You would be excused for having blinked and missed The Guest during its cinema release. The closest place I could have seen the film was either in London or Milton Keynes during its very brief UK cinema run. It had fairly limited releases in other major countries as well. The film was not a commercial success, only grossing around $300,000 in the US during its cinema release. It’s a shame the film didn’t receive more attention or success at the time, but now you can watch in the comfort of your own home – and I recommend that you do.
Genre films are providing a lot of pleasant surprises in recent years. What I really love about a good genre film is when you get cross genres, meshing tropes from multiple genres together. It provides a wider baseline range of ideas to go with and often allows the storytellers to look at what would otherwise be typical fare of one genre and throw in a few surprises.
The Guest keeps the viewer on their toes at all times – you aren’t sure what is going to happen next, whether you are supposed to like David or not (for much of the film anyway), whether he’s about to kiss or kill… It is very unusual that a film can keep me guessing almost the entire way through and it made for a thrilling ride. Mixing action, thriller, and some science fiction conspiracy tropes all together, writer Simon Barrett and director Adam Wingard have created something truly captivating and entirely creepy.
The Peterson family is mourning the loss of their son Caleb who was serving in the armed forces in Afghanistan. One day, they receive a surprise visit from a returned soldier, David (Dan Stevens, Downton Abbey) who claims to have been a good friend of Caleb’s fulfilling a promise to a dying Caleb that he will deliver a message to the Petersons.
Mrs Peterson (Sheila Kelley) is charmed by the soft-spoken soldier and invites him to stay with the family for as long as he needs to. While there, David is brought into each of the Peterson’s confidences and learns what issues they have in their lives. Mysterious and tragic events surrounding each of the Petersons begin to occur.
Daughter Anna (Maika Monroe) becomes increasingly suspicious of David and beings to investigate him. Putting in a call to the military base David says he was from and is told that David Collins is dead. Major Carver (Lance Reddick) is sent to protect the Petersons and disable David before he does the unthinkable.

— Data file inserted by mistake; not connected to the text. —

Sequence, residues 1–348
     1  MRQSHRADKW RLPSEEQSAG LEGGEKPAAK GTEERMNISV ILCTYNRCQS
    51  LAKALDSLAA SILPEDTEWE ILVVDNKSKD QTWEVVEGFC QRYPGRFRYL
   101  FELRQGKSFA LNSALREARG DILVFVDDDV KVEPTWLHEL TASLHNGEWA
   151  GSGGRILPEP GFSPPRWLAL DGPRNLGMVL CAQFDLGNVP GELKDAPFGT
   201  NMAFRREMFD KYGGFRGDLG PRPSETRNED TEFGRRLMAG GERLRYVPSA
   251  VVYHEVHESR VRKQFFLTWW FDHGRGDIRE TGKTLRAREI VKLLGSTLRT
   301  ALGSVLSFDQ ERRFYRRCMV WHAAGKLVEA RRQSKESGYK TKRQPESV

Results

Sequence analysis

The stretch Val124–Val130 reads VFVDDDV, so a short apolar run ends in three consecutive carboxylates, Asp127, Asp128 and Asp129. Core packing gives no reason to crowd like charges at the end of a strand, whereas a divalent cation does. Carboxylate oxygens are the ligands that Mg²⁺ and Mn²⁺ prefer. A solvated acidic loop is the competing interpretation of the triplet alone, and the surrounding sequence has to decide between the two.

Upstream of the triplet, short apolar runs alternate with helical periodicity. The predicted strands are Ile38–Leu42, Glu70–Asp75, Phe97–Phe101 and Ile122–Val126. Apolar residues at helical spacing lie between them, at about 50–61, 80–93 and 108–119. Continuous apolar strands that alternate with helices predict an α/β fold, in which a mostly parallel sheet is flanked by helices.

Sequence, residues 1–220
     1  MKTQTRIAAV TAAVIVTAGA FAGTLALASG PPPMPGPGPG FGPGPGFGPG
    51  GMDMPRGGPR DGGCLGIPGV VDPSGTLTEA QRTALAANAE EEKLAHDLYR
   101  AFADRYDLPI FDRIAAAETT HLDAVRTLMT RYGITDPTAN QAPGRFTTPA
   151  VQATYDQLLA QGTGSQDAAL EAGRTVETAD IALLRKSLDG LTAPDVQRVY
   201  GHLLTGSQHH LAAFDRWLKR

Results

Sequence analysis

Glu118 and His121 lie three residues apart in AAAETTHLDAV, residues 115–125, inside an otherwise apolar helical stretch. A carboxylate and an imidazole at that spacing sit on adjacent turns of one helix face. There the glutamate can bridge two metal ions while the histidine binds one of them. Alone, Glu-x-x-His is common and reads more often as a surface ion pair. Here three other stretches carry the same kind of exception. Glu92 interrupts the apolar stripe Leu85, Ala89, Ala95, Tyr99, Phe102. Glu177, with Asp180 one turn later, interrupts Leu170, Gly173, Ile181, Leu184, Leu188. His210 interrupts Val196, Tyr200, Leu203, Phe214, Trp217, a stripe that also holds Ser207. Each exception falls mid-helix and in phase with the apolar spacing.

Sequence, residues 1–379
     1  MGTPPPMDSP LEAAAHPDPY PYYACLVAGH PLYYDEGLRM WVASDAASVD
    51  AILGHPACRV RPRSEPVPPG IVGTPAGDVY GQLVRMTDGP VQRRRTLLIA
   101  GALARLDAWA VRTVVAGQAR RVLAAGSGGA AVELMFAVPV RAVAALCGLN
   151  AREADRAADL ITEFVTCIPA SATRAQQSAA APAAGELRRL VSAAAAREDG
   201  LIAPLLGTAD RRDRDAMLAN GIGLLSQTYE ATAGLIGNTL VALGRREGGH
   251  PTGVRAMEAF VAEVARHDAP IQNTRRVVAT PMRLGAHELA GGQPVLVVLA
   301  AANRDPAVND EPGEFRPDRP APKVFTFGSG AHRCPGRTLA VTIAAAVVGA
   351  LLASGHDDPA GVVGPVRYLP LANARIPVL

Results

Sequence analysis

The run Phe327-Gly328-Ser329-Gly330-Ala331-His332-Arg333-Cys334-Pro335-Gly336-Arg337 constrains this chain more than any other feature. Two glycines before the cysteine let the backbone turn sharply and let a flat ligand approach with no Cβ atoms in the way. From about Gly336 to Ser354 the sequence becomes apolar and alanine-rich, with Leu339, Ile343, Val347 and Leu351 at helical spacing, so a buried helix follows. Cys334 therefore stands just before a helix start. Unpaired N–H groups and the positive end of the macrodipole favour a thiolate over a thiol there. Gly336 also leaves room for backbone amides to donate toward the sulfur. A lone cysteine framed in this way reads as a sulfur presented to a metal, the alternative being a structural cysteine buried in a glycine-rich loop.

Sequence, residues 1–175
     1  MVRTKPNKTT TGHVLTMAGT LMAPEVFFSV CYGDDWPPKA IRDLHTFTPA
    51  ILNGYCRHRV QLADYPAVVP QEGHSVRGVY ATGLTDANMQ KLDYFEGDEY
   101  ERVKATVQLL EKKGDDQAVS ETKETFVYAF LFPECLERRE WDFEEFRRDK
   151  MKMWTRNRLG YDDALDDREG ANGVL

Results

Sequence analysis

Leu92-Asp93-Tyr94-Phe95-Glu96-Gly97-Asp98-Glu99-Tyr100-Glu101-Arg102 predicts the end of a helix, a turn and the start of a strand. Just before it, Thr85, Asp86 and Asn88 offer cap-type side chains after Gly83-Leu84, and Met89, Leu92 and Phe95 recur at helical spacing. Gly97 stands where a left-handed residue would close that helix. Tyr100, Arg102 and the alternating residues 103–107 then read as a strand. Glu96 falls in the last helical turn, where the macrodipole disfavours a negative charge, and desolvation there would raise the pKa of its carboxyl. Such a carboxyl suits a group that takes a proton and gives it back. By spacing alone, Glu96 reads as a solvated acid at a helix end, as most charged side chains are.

Ditching his period-drama, good boy persona of Cousin Matthew from Downton Abbey, Dan Stevens makes a remarkable star turn in The Guest. We all knew he could be intense and provide a depth to characters while making it look easy, but his performance in this thriller is breathtaking, along with a convincing southern drawl.
The power of his character is that all his actions can be seen as coming from good intentions. He is mild mannered, polite, quietly spoken. Nothing about him is disturbing or cause for concern and yet everything is. Why is Anna so suspicious of him? Would you be? Or would you be taken in by his charm? Honestly, as I watched the film, I wondered if I would think he was creepy without the horror-style music to alert me of his creepiness. I’m not sure I would see it. It is easy to see how the Petersons could view him as a knight in shining armor while also believing Anna could be on edge around him. And delivering a performance that could be so strong and yet so conflicted is an impressive feat.
Oh yeah, he also absolutely nails the whole ‘stare into the camera and look both psychotic and charming in one’. How does he do that? Honestly, how can he be so convincing as both lovable and terrifying? And all in the one character performance?
All the same tropes in all new ways
It is difficult to put your finger on what kept me so on edge throughout this film, what really stood it apart from other films of a similar ilk other than Dan Stevens mesmerizing performance. All the thriller, action, and even a few science fiction tropes are present throughout, but their order is inverted or at times when you are expecting the next thriller trope to show its head, they’ll throw in a science fiction one. This is where the freedom of melding genres together provides such meaty, original fare.
What is also interesting is that before the science fiction conspiracy plot line kicks in, it is entirely possible that David is suffering from a kind of PTSD. In some ways, it is still a story of what happens to the soldiers after they come back from war. Unfortunately for David, and seemingly Caleb (as it is suggested Caleb Peterson was in the same programme), he was experimented on by the military, making his ‘side effects’ far worse than any ordinary PTSD.
Verdict: The Guest is thrilling, edge-of-your-seat drama that keeps the audience guessing at each step. On some level you already know how it will end and yet you are still surprised that it does. If more horror/thriller films were this clever I might be converted to a hardcore fan of the genre.